Hard choices on China policy

March 17, 1994|By Jim Mann

Washington -- SECRETARY of State Warren Christopher's just-completed human-rights mission to Beijing was aimed at making China a less sensitive issue on the Clinton administration's foreign policy agenda.

Instead, Mr. Christopher's lack of results and the avalanche of vitriol the trip inspired from both sides has done the reverse: It has catapulted China to the top of the list of America's problems overseas, creating dilemmas for which there will be no easy solutions. And it has underlined some of the seeming contradictions in the administration's policy toward China.

How, then, and to what extent should America confront China for human rights abuses that violate what Mr. Christopher accurately calls America's "core values"?

Should the United States accommodate a regime, which, less than five years ago, used live ammunition against citizens on the streets of its capital? Beijing has voiced no regrets for doing so and has changed few of its top personnel since then.

Mr. Christopher and his aides argue that, while in Beijing, the secretary delivered a tough message to the regime, one which Chinese Premier Li Peng and President Jiang Zemin needed to hear. China, he said, needed to do more to retain its low-tariff trade benefits in the U.S.

Yet whatever Mr. Christopher said, the Chinese leaders probably got a different message. They saw that Mr. Christopher had come, talking about the need for a broader relationship between Washington and Beijing, even at a time when the regime was showing its people and the rest of Asia that it could do whatever it wanted to suppress peaceful dissent and opposition.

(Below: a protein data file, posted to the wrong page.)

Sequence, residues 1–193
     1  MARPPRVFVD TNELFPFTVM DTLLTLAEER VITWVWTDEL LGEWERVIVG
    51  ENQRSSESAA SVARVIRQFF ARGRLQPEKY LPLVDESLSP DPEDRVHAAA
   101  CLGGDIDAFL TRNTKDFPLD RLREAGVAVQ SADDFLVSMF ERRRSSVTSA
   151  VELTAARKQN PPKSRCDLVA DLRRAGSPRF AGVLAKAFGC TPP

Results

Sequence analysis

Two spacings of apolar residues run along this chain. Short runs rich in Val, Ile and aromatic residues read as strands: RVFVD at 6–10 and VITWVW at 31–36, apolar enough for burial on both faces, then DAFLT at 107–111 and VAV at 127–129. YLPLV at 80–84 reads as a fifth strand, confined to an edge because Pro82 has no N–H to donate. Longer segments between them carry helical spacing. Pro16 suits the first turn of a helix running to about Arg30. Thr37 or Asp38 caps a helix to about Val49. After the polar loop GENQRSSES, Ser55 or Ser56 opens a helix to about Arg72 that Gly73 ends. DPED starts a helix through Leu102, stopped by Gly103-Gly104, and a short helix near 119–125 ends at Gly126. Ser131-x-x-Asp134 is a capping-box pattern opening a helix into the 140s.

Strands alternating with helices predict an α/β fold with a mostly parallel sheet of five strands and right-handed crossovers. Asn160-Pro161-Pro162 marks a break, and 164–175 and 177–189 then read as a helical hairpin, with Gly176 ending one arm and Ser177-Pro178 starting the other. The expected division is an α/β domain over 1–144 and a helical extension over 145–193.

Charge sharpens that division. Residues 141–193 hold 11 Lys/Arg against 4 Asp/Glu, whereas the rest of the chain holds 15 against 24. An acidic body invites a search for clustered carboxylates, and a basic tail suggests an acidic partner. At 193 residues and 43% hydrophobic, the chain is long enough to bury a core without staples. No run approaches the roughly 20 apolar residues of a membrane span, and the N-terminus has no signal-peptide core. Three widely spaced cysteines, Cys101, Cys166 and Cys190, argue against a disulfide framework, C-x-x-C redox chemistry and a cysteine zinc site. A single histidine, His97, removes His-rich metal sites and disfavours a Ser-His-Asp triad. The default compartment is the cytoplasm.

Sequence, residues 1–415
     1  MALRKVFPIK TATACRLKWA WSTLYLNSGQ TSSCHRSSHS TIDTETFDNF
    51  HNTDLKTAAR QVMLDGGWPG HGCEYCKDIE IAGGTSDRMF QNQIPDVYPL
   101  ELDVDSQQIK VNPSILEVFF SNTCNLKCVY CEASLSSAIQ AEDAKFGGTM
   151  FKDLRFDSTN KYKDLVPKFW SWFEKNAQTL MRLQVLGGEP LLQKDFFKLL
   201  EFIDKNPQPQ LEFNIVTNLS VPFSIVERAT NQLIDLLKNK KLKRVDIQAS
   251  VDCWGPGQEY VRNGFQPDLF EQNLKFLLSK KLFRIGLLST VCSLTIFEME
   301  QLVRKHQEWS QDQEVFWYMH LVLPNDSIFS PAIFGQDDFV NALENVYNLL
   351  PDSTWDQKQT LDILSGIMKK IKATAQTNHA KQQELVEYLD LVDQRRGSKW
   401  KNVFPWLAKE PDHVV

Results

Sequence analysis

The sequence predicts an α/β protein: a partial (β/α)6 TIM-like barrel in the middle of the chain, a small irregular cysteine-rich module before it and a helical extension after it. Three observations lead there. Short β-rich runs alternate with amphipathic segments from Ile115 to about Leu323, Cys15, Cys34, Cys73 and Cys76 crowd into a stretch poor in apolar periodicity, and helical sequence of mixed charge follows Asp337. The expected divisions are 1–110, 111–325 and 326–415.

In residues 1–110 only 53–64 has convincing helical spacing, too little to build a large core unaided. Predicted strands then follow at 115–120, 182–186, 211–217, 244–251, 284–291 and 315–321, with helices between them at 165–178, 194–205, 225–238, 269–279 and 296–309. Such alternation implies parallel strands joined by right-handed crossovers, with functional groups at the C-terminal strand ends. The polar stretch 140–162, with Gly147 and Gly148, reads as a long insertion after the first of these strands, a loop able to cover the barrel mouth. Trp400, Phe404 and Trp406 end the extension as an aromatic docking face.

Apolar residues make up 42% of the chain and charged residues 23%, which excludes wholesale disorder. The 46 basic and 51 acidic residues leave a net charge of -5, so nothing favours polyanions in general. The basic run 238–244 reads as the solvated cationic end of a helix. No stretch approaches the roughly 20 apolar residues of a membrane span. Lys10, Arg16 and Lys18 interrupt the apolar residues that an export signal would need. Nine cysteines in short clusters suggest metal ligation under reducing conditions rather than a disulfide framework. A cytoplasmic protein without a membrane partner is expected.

If the Clinton administration wanted only to deliver a tough message to Beijing about its human rights policies, one which the Chinese leadership would have understood without ambiguity, cancelling the trip might been a more effective way of making the point.

But there were other purposes to Mr. Christopher's visit, which could not have been achieved through a cancellation. The truth is that the Clinton administration also wanted, through Mr. Christopher's trip, to improve its ties to Beijing.

The American business community -- fearing it would lose out to foreign competitors, including the French and Japanese, whose prime ministers will soon visit Beijing -- wants to smooth over the human rights disputes to ensure there will be continued trade with China. And the Pentagon wants to work more closely with China on important issues, including North Korea and nuclear nonproliferation.

These factors help explain why Mr. Christopher chose not to cancel his visit. But they also underscore the mixed message the administration is sending to Beijing.

For a short time, the problem might be fudged. But ultimately the president may find he has to impose some discipline on his China policy, making hard choices among the separate and conflicting agendas of human rights, commerce and military strategy.

Jim Mann writes for the Los Angeles Times.

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